Solondz also directed, allowing the action to move at a snail's pace. It certainly doesn't help that the scene changes are enacted by Brittany, painfully moving furniture around the stage and taking her own sweet time to do it. Done once, it is effective; as an evening-long strategy, it merely adds to the feeling of ennui. Ilana Becker and Matt Servitto wring every last drop of bile from the roles of Brooke and Jay, sparing neither themselves nor us in creating two of the most appalling characters to appear on a New York stage in some time. Zonya Love's Brittany is a silent, sullen, inherently powerful presence, but she is given nothing else to play, resulting in a performance whose one note becomes wearying. Rita Wolf does well as the sympathetic, if ineffectual, Padma.

Julia Noulin-Mérat's set, a curved wall out of which various scenic units emerge, is a solid idea; it's too bad that Solondz lets the scene changes slow to a crawl. Adam J. Thompson's video, including scenes of Emma and Max playing with their new au pair and shots of Caribbean skies, palm trees, and pools, make a big contribution. Among other things, Fabian Obispo's sound design includes excellent use of the ABBA hit, "The Winner Takes It All," a song that could fairly be termed the thesis statement for Emma and Max. Andrea Lauer's costumes are solid.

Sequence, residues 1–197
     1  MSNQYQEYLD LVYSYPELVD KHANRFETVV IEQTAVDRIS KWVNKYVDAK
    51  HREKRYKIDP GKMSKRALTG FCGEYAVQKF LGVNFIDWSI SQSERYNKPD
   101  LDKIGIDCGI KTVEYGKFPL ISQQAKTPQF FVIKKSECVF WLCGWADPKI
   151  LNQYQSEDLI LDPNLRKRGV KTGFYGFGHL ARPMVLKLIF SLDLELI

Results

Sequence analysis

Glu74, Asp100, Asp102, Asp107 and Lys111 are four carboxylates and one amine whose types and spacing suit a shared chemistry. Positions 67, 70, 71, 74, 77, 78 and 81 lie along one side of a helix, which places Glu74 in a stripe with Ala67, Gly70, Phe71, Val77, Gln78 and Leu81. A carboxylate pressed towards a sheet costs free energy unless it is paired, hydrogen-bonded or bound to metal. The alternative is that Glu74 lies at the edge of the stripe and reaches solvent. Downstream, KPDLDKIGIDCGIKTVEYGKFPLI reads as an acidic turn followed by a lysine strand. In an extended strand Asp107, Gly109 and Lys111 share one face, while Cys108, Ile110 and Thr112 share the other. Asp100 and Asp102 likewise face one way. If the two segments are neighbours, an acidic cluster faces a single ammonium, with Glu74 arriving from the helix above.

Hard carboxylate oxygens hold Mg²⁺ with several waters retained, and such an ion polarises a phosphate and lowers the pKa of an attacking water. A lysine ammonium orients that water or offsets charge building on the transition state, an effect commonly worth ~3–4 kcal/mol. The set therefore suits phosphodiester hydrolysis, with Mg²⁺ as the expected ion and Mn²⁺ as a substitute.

Emma and Max is part of The Flea's Color Brave season, which features works that grapple with race in America. But only a few minutes in, it seems clear that the play is less about race than Solondz's distaste for his fellow humans. Brittany, who is a little starstruck, says to Padma, "When you sell your book to Twentieth Century Fox and Meryl Streep plays me in the movie version, you can tell her, this is my redemption. She'll fill in the blanks." Trouble is, Solondz has filled in the blanks, dotted the Is, and crossed the Ts, leaving us with nothing to discover, and no possibility of redemption. -- David Barbour

(16 October 2018)